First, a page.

Visiting Scotland, for some of the most beautiful countryside to explore.
Spring and autumn/fall can be great times for visiting Scotland. That’s when seasonal changes bring bursts of beautiful colour to the Highlands and crowds are fewer at the most popular sites.
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When visiting Scotland, Edinburgh is a trip to savour.
If you plan to visit Scotland, you’ll want to be sure you spend time visiting the many natural delights of the country such as the isles and highlands. Scotland is so beautiful, and it seems like a small country but the winding roads sometimes single track can make for a longer than expected trip by road.
The initial focus for many visitors to Scotland is the capital, Edinburgh, a dramatically beautiful and engaging city famous for its magnificent castle and historic Old Town. Even if you’re planning a short visit, still possible, and expected, to combine a stay in either Edinburgh or Glasgow with a brief foray into the Highlands.
From pristine beaches to crumbling castles, Scotland has it all.
This spectacular capital is enveloped by seven hills, with its famous Royal Mile framed by Edinburgh Castle and the magnificent Holyrood Palace. The famous Royal Mile climbs from a historic palace past the architectural marvel of the Scottish Parliament to the spectacular castle fortress that is Edinburgh Castle.
Enter the castle over a drawbridge across an old moat from the broad Esplanade, where the famous Edinburgh Military Tattoo is held every August. An unopened casket containing Robert the Bruce’s heart lay in Edinburgh until 1998 when it was buried again at Melrose Abbey.
- Scotland is an incredible country and definitely worth a visit.
- For those who like to walk, Glasgow is a very walkable city.
- There are options to explore the highlands with guides.
- Discover destinations, and find outdoor adventures.
Some of the most exciting parts of the castle included the Prisons of War exhibition, Great Hall, Royal Apartments, and the Argyle Tower. On the Firth of Forth, Edinburgh is Scotland’s capital and has served as the seat of Parliament since the 15th century.
Scotland offers the best of everything, whether it’s a hike in the countryside or a stroll around one of the bustling cities like Edinburgh. Don’t travel far north of the Glasgow–Edinburgh axis to find the first hints of Highland landscape, a divide marked by the Highland Boundary Fault which cuts across central Scotland.
If you’re planning to travel to “remote” destinations on single track roads rent a vehicle with adequate ground clearance and suitable tyres. The main routes from Glasgow and Edinburgh to the highlands are usually OK but to get off the beaten track keep your eyes and ears open to avoid lengthy detours.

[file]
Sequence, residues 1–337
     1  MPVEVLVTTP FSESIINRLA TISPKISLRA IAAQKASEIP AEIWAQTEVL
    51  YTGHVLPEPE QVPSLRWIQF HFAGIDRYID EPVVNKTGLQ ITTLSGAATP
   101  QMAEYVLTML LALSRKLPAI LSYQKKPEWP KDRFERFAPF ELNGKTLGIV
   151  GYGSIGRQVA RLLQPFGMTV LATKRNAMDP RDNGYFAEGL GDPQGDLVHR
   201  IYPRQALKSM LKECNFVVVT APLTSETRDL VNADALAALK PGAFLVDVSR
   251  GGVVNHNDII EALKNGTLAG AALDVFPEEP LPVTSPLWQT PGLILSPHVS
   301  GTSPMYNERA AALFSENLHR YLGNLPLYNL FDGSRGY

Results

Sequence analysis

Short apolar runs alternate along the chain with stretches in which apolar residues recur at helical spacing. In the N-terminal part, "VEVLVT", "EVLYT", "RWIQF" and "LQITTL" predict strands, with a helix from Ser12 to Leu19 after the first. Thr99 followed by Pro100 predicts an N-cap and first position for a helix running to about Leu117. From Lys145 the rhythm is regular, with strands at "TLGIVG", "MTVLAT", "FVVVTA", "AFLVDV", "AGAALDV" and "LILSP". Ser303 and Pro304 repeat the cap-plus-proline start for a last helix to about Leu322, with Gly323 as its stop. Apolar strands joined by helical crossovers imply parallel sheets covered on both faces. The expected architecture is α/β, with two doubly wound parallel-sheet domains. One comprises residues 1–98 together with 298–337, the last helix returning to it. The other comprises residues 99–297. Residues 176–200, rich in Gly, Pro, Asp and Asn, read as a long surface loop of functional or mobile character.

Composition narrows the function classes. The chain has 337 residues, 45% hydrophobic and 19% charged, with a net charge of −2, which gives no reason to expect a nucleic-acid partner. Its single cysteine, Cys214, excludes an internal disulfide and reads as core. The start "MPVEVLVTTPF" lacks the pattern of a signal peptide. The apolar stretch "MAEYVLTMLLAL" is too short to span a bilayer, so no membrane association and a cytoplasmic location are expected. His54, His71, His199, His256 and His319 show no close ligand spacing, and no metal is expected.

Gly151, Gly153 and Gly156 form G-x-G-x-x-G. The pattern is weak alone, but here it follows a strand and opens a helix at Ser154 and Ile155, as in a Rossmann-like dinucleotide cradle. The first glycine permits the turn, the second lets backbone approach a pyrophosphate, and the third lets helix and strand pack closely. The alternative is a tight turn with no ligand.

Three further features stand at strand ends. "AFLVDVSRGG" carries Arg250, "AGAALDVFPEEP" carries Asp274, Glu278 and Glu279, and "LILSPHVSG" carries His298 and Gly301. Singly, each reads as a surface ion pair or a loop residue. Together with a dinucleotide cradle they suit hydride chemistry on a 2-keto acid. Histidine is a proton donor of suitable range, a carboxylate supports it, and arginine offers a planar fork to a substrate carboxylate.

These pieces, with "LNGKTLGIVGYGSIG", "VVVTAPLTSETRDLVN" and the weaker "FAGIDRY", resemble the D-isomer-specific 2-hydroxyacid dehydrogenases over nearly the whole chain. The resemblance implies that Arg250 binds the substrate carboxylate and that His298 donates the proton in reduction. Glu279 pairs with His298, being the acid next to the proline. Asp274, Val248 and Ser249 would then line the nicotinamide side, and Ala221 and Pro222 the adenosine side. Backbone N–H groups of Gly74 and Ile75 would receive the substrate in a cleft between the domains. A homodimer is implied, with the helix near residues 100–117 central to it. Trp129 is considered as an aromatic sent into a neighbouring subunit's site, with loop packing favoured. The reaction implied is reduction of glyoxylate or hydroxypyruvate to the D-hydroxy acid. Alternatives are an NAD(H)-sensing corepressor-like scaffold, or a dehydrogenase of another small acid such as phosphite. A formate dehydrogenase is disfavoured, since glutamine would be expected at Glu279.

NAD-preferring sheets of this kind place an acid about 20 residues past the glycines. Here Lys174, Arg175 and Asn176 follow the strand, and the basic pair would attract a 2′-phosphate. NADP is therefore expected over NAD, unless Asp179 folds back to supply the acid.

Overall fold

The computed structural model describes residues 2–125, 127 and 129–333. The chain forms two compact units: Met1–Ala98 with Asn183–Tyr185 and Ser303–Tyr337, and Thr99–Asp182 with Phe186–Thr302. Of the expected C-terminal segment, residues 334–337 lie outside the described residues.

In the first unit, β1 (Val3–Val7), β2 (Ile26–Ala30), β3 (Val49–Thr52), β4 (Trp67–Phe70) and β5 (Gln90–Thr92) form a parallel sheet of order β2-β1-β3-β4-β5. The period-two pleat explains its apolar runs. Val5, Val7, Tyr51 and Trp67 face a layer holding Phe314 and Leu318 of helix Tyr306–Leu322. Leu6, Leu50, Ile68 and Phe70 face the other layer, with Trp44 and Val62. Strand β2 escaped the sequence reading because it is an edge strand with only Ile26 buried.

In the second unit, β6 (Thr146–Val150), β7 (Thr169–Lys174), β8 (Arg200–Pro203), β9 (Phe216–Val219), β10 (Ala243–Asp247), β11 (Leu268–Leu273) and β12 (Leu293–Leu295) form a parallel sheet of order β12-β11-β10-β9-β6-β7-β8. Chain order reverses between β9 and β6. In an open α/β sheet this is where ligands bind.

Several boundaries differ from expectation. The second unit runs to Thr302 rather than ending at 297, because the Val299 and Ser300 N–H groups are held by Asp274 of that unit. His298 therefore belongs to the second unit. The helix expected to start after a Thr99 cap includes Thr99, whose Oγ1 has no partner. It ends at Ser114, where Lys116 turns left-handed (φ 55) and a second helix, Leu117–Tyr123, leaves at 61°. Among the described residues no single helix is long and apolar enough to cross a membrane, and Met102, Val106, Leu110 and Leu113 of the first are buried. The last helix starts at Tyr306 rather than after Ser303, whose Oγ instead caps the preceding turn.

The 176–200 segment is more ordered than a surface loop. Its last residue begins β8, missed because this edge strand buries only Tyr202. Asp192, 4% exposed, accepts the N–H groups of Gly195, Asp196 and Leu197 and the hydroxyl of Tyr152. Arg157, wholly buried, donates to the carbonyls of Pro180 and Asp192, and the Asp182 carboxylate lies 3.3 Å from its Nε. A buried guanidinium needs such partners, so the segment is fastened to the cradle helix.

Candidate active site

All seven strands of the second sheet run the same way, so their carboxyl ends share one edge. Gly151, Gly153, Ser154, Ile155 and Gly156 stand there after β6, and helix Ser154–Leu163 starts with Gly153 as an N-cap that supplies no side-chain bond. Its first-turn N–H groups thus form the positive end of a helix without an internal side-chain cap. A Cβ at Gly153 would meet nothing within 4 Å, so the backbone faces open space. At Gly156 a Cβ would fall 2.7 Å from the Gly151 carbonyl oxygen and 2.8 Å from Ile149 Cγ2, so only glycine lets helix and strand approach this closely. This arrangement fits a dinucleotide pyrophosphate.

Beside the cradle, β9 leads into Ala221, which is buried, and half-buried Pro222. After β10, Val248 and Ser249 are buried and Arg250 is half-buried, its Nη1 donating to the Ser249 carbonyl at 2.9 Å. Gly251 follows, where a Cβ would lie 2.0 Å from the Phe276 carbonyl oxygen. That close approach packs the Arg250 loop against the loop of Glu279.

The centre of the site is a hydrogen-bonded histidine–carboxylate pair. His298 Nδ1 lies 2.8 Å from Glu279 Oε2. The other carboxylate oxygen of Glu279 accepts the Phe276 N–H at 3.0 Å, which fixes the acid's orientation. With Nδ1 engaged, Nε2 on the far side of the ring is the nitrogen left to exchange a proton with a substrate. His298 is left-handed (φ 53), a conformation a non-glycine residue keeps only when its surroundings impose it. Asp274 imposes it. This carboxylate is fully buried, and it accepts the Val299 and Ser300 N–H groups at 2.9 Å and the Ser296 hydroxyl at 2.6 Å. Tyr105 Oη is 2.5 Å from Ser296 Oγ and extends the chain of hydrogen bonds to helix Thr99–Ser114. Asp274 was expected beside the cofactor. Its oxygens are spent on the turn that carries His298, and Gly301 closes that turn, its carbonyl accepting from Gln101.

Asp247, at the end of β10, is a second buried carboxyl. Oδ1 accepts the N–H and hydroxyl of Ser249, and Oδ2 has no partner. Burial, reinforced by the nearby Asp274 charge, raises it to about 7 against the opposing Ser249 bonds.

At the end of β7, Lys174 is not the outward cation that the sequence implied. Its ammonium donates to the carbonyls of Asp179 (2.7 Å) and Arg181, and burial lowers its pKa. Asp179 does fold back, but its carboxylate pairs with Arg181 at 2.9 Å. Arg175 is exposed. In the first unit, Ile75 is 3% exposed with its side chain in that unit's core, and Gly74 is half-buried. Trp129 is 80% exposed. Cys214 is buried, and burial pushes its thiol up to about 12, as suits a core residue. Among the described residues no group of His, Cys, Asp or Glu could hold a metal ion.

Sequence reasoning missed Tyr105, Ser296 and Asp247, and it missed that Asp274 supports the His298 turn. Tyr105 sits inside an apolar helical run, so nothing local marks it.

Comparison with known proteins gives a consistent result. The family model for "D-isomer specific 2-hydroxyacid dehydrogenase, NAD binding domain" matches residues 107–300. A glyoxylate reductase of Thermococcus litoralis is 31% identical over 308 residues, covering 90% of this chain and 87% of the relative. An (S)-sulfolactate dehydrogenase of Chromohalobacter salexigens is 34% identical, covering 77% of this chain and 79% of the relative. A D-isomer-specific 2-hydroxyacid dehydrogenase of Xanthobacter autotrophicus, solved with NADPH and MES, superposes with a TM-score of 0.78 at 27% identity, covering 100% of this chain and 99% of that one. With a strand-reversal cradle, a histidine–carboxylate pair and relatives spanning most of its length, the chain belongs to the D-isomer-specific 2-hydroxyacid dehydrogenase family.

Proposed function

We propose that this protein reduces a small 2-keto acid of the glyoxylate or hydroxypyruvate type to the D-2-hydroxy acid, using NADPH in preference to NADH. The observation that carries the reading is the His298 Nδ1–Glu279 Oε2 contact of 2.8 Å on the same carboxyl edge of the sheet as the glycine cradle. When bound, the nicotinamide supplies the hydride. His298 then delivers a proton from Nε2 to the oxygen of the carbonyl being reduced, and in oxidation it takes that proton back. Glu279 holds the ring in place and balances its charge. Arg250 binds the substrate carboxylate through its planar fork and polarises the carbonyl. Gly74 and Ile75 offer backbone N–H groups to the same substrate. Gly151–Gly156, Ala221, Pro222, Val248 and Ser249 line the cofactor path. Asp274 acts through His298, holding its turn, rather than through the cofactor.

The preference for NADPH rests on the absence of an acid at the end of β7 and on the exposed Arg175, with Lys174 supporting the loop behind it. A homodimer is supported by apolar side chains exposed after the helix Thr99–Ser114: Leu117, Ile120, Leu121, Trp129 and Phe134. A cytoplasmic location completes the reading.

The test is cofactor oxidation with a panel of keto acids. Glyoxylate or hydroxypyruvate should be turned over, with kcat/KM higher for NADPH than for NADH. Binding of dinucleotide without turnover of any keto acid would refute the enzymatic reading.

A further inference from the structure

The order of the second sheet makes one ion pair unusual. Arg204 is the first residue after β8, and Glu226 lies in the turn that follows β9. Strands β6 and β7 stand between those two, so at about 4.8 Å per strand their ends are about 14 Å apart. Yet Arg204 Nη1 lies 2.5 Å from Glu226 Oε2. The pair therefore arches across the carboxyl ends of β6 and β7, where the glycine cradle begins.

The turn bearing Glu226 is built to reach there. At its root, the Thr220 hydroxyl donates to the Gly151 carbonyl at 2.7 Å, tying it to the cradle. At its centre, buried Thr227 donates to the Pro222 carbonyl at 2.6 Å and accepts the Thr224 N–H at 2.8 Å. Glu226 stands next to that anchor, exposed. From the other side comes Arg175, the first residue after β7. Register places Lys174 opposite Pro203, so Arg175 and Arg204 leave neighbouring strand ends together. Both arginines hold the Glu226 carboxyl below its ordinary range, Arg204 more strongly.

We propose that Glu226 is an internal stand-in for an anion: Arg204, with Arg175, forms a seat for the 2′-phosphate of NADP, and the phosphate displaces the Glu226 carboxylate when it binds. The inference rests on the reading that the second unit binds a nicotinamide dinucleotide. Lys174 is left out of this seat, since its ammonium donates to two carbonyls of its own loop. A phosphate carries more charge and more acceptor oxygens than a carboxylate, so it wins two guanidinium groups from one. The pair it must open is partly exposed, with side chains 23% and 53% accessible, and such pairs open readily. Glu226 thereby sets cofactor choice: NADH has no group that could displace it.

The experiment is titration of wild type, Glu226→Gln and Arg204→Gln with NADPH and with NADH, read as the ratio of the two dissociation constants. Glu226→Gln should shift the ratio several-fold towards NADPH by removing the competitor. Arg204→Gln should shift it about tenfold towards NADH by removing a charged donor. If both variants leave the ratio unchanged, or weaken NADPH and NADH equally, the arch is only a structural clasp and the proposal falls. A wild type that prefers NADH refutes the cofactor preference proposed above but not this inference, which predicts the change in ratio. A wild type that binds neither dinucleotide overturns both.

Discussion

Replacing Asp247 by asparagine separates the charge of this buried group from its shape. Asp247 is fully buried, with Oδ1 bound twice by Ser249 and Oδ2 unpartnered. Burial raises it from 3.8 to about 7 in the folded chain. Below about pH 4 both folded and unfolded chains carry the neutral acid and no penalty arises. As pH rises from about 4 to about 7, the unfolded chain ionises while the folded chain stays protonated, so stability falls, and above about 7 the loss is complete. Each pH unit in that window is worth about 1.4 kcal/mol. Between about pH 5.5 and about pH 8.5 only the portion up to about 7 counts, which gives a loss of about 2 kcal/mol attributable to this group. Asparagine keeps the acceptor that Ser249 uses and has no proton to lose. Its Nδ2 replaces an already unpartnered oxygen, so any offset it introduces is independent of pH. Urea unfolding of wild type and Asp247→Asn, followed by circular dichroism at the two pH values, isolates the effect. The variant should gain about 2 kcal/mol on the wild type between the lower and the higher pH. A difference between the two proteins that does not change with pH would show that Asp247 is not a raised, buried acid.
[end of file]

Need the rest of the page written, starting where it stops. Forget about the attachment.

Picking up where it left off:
The Highlands is also where you’ll find the mysterious Loch Ness.
Edinburgh is known for its many alleyways, and what better way to discover them than a Harry Potter walking tour. A lot of the famous Harry Potter Places are filmed in the Scottish Highlands, such as the Hogwarts Express!
Harry Potter fans will be delighted to learn that yes, you can catch the Hogwarts Express. Made famous by the Harry Potter movie franchise, the train follows the West Highland Line over the spectacular Glenfinnan Viaduct.
On to sightseeing in Glasgow.
An hour’s travel to the west is the country’s biggest city, Glasgow, a place different from Edinburgh. Once a sprawling industrial metropolis, Glasgow nevertheless has an impressive architectural heritage and a lively social and cultural life.
Now the largest city in Scotland, Glasgow dates to prehistoric times on the River Clyde. You’ll find historic medieval buildings such as the Glasgow Cathedral and the old Antonine Wall, a shopaholic’s paradise with over 1,500 stores to tempt your wallet and a variety of sporting events.
Stirling Castle is a real source of Scottish national pride.
Glasgow is a youthful, forward-looking place with a contemporary art scene spurred on by its famous art school, alternative music and theatre. One of Scotland’s most visited attractions, the free Riverside Museum in Glasgow gathers together the history of transportation by land and water in an eye-catching new venue.
Glasgow is, without a doubt Scotland’s most colourful city with street art. A self-guided tour is one of the many fun and free things to do in Glasgow if you’re interested in some urban culture. Glasgow is a great place also to kick off a Scotland road trip.
Is Glasgow or Edinburgh better to visit?
Glasgow is far more significant than Edinburgh and not as full of tourists as is Edinburgh. It’s got great shopping and loads of pubs/clubs. Glasgow is well known for its architecture and many free museums and galleries. Although Edinburgh is the capital city of Scotland, it does have a smaller, more compact city centre.
While in Glasgow, visitors can avail themselves of Scotland’s only underground train network. The Glasgow Subway, which is the third oldest metro system in the world after those of London and Budapest, provides a convenient way of getting around the city.
Notwithstanding the smaller distilleries just established, Glasgow has Auchentoshan, and Edinburgh has Glenkinchie. Most would like to squeeze as many distillery visits into a day as possible. Still, the tour commencement times, duration, and travel times required between the distilleries will rarely align for you.
Larger distilleries like Glenfiddich or Glenlivet run very frequent tours all throughout the day; others might have just one in the morning and one in the afternoon. Also, many distilleries don’t have late afternoon tours. For example, it’s not uncommon for the last tour to depart at 3.00pm, so don’t plan on distillery hopping well into the evening.
Harry Potter lovers can board the Hogwarts express for a day.
You might have to stay in a particular region for more days than you were banking on to get to all the distilleries on your list. Any visit to this country should include at least one stop at one of its many distilleries.